S-BOMB warning. That’s SPOILER-ALERT, for those less crude than I.
We’re back again to beautiful Narnia loves, with one more jaunt after this! Only, this journey, like the last, takes place beyond the borders of the fair country. This time, we’re heading north, beyond the Ettinsmoor. We’ve heard mention of these lands from time to time. Mostly, the north is referred to as the land of giants. This novel in particular is The Silver Chair.
This is a return to the basics for a Narnian tale, in all but one aspect–it lacks the Pevensies. But it features their cousin, Eustace, in much better form than the previous book’s start, and his friend, Jill Pole, on a long journey to find the lost prince of Narnia, King Caspian’s son (yes, that Caspian), Rilian.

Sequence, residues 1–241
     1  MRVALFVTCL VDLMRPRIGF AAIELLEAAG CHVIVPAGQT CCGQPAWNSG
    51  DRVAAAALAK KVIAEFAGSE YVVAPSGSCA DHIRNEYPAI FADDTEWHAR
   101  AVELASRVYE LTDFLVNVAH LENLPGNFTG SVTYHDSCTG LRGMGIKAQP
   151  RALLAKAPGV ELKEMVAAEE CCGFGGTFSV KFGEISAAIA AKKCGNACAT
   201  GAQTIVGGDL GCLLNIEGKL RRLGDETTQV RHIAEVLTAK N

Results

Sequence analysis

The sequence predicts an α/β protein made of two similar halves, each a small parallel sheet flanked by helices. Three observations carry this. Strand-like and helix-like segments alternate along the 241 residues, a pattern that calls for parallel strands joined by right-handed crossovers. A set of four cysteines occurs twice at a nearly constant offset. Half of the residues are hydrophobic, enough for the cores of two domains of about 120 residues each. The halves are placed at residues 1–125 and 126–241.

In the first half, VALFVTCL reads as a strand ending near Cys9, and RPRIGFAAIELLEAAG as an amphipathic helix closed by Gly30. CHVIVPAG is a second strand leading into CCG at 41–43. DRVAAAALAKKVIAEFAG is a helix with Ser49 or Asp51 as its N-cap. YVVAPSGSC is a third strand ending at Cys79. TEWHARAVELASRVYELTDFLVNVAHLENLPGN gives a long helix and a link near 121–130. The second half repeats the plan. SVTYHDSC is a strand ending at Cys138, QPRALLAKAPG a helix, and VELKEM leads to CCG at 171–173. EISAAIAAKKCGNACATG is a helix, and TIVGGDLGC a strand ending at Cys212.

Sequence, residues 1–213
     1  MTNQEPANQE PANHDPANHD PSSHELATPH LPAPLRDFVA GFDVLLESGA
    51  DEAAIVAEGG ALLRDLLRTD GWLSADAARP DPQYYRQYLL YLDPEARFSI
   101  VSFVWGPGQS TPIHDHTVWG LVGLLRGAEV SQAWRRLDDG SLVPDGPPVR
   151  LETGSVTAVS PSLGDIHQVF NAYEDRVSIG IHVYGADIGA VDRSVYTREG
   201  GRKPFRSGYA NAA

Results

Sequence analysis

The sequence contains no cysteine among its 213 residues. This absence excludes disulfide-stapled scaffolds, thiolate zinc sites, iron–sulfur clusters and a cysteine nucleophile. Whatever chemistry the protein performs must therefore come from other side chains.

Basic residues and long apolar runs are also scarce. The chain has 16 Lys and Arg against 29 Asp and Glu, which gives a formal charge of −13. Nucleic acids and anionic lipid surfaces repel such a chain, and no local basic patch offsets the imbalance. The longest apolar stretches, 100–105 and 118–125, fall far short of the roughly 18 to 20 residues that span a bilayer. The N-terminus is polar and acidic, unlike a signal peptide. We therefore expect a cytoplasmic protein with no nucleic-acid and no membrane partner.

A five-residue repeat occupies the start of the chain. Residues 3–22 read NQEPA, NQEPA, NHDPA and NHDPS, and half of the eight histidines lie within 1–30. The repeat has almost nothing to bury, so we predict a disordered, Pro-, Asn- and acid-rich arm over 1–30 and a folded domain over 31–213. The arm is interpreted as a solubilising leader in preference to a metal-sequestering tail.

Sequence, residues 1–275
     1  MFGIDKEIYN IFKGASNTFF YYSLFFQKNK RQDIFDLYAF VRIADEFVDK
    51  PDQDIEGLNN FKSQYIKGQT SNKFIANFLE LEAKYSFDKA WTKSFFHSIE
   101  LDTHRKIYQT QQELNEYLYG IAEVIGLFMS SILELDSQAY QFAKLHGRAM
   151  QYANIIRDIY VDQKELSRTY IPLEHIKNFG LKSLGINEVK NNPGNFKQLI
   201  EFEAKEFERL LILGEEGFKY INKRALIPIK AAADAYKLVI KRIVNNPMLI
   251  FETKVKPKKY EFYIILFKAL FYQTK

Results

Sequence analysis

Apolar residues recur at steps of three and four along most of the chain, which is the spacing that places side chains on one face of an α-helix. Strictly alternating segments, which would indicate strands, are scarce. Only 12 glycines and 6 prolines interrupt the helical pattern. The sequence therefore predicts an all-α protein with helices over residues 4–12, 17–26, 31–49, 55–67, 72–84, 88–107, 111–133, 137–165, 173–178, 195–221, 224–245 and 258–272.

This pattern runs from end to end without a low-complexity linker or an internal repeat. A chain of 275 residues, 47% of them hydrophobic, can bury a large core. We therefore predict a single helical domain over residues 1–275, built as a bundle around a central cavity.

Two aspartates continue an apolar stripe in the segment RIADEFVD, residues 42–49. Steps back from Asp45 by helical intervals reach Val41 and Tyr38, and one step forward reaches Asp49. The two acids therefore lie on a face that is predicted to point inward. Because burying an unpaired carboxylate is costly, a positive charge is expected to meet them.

Unlike other Narnian adventures, this one almost immediately involves Aslan after a rather scary moment for Eustace. Jill is tasked with remembering several key details for the success of their journey, and along the way (depending on her mood), she recites them dutifully or completely forgets them. Still, the Lion’s plans never fail, and Eustace and Jill, with the help of reluctant Puddleglum, brave the subterranean world to find the enchanted prince and free him from the green witch’s spell.
Very Narnian, yes? Despite not taking place in Narnia, or featuring the golden children, and an usually early appearance from the good Lion… Very Narnian, indeed. It is probably my least favorite of the series, not for any major failing in its storytelling–just because I always did adore the Pevensies and any book without them is a little bit dimmer! It is still a very good tale about overcoming personal faults and the light at the end of a long dark journey and so many more little things.
Only one more to go… As sad as that may be folks, we’re nearing the end.
Interested in The Chronicles of Narnia: The Silver Chair? It can be purchased here.